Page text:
Customer: UNHCR

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Photo: UNHCR

Source: UNHCR Niger

In the Diffa region, UNHCR has been providing emergency shelter assistance to vulnerable refugees and displaced persons since 2013 when the first refugees crossed the border fleeing Boko Haram in Northern Nigeria. In 2016 alone, over 65,000 people in the Diffa region benefitted from UNHCR emergency shelters.

Emergency shelters are not a long-term or sustainable solution, particularly in such harsh climatic conditions, with temperatures often reaching as high as 48 degrees Celsius in the dry season, regular sandstorms, and flooding in the rainy season. Made of plastic sheeting, sticks of wood and rope, emergency shelters are estimated to last just 6 months. With around 250,000 displaced spread across the region, 4 years since the arrival of the first forcibly displaced, humanitarian actors are constantly battling to meet the needs.

 Fati Boulama is a displaced person with Niger nationality. She had been living in Nigeria prior to the outbreak of conflict and was forced to return. She is now living with her husband and her three children in the town of Maine Soroa, not far from the Nigeria border. She benefited from the UNHCR “urbanization program” which not only provides housing but also plots and deeds in a legal and sustainable manner. Fati has her own plot, but until some weeks ago was living in a makeshift hut made of straw. She recently received Better Shelter and is extremely happy: “this shelter protects me and the children from the cold and from the rain. Before we were always worried when the cold season and the rainy season approached”. Fati, her husband and three children, intend to settle in Niger permanently.

Fati Boulama, Nigerien returnee, mother of 3 children, with her husband, at the site of Guidan Kadji, with their new ‘Better Shelter’

Traditionally, houses in the Diffa region were made of mud. This helps to regulate the temperature – producing heat inside during the cold season, and keeping the interior cool during the hot season. However, most houses are now made of mud for the walls but with metal sheeting for the roof. When discussing the benefits of the Better Shelter, Fati pointed out that “the metal sheeting increases the heat in the interior of the houses during the hot season. This new shelter is made from better material; it protects us well from the rain. We received our shelter during the rainy season, now we will wait to see how resistant it is to the heat”.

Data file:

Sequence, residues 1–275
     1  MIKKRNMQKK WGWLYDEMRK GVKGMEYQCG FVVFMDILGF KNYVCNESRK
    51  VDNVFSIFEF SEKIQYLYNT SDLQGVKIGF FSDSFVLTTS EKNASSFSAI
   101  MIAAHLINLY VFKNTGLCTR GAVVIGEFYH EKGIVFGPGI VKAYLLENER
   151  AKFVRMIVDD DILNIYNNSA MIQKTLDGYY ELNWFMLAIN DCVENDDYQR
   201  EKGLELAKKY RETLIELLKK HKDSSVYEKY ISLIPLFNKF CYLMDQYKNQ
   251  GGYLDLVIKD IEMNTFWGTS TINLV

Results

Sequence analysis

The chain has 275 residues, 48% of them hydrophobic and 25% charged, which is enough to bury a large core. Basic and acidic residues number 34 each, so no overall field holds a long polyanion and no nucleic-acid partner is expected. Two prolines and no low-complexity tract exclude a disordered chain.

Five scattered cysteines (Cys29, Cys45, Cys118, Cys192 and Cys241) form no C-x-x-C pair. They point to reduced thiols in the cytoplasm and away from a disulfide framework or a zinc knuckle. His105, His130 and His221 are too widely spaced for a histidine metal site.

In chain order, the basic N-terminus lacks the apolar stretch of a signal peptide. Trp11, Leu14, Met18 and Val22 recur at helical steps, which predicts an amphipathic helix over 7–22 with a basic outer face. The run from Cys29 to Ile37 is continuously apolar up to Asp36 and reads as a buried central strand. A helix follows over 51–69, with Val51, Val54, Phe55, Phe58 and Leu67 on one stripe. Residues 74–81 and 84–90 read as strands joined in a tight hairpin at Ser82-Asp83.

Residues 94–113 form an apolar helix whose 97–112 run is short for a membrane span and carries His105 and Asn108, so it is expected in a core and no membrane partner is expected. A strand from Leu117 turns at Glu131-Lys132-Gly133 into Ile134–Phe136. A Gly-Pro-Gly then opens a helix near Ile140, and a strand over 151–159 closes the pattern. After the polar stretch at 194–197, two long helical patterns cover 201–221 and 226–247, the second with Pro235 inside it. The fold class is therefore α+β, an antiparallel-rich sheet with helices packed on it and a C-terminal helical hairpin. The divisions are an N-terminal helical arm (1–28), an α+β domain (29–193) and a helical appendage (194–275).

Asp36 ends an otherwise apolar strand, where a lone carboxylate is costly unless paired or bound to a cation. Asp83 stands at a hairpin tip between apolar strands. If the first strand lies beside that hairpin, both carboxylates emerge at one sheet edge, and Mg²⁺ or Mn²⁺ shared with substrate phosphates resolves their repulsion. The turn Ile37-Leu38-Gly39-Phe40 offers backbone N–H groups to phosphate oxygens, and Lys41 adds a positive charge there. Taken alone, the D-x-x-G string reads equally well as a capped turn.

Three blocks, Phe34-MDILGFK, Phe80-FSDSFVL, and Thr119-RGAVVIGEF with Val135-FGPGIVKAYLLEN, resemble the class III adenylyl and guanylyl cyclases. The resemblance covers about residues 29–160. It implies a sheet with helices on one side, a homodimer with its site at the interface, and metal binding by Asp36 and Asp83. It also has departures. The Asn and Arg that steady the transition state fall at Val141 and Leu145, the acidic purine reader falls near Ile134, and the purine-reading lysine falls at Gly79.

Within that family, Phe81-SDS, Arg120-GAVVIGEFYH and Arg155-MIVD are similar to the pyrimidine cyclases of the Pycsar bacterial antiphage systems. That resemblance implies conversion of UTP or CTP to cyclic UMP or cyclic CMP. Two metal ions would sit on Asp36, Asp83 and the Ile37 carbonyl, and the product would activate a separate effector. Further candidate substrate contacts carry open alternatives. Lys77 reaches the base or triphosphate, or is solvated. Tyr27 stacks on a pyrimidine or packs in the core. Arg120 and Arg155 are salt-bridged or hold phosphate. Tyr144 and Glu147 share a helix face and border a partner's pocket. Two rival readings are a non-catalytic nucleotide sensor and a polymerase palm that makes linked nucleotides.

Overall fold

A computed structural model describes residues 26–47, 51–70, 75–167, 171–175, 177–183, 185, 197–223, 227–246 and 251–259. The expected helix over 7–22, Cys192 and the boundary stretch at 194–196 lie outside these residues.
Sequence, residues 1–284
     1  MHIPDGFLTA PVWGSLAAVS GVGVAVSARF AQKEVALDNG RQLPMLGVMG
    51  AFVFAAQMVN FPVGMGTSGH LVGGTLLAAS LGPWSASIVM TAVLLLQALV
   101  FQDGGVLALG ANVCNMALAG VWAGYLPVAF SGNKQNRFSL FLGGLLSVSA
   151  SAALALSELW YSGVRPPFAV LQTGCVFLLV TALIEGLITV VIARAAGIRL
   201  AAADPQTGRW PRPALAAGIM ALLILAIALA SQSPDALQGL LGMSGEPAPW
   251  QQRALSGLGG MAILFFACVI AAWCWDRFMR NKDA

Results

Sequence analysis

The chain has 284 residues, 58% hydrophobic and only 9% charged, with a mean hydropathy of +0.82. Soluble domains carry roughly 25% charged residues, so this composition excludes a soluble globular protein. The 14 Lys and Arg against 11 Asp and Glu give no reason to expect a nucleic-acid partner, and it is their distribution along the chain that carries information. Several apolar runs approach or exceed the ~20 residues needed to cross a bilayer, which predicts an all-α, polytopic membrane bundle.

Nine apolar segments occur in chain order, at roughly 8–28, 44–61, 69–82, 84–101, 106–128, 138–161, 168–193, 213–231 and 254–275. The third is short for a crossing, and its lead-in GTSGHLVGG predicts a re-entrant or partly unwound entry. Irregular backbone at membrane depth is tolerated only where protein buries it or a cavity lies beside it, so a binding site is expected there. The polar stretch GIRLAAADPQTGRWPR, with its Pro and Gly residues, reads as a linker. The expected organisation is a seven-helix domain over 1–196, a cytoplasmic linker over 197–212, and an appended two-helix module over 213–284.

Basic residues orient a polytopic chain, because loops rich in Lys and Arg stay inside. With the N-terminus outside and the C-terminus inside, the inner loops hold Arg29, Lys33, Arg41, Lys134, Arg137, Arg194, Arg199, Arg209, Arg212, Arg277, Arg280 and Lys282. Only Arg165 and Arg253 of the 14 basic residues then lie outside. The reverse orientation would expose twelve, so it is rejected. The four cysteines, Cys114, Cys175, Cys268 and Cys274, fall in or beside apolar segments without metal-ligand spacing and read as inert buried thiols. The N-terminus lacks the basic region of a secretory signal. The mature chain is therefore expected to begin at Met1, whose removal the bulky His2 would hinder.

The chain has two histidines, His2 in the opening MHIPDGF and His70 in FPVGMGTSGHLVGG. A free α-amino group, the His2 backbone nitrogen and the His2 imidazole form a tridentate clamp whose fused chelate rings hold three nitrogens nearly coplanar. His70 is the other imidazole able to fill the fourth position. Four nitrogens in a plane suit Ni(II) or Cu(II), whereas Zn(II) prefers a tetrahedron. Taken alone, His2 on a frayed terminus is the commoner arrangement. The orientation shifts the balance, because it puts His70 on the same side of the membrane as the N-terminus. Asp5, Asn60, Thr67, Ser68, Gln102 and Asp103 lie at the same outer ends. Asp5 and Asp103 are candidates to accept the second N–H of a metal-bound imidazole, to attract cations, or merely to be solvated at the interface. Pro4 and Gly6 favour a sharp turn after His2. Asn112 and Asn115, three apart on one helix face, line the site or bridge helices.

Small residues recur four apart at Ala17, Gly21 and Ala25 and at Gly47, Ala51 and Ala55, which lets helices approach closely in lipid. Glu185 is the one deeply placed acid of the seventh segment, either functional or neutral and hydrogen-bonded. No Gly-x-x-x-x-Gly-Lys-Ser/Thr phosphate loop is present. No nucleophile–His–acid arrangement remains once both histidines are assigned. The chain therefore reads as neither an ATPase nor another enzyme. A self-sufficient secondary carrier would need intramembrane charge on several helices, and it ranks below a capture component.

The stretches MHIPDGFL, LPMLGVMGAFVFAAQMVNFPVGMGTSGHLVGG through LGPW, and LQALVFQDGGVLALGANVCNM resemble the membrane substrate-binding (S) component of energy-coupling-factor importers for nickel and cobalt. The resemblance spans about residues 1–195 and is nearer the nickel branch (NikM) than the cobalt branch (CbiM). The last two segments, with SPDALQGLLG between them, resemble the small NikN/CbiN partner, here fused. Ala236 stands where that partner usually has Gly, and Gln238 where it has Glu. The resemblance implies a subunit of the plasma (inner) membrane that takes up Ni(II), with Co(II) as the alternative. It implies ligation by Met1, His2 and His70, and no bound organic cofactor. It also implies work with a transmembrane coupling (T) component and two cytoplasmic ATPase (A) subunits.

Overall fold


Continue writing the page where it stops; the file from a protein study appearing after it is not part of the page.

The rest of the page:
In the UNHCR Niger operation, standard shelter kits are gradually being adapted to the local context by the refugees themselves. For the Better Shelters, an initial assessment will be undertaken in the hot season to gather feedback and ideas from the refugees.In remote areas like Diffa, access to electricity is a radical change and the shelter’s solar powered light is welcomed feature. Some interesting things have already been observed, such as refugees using their solar panels to earn a small amount of money, by charging a small fee to neighbours to recharge their phones. The evolution/transformation of the Better Shelters will be observed with interest, with the goal of providing a better service.

UNHCR has ordered 96 units for its operations in Niger. Niger is currently hosting approximately 50 000 IDPs and 82 000 refugees, of which 37 000 are from the neighbouring Mali.

Malian refugees represent the main population of concern; they have fled violence since 2012 and are living in camps, refugee-hosting and urban areas. Refugees (Nigerian nationals) and returnees (Niger nationals who have previously been living in Nigeria) have fled violence in north-eastern Nigeria since May 2013 and are dispersed in more than 100 villages, hosted by the local community (more info).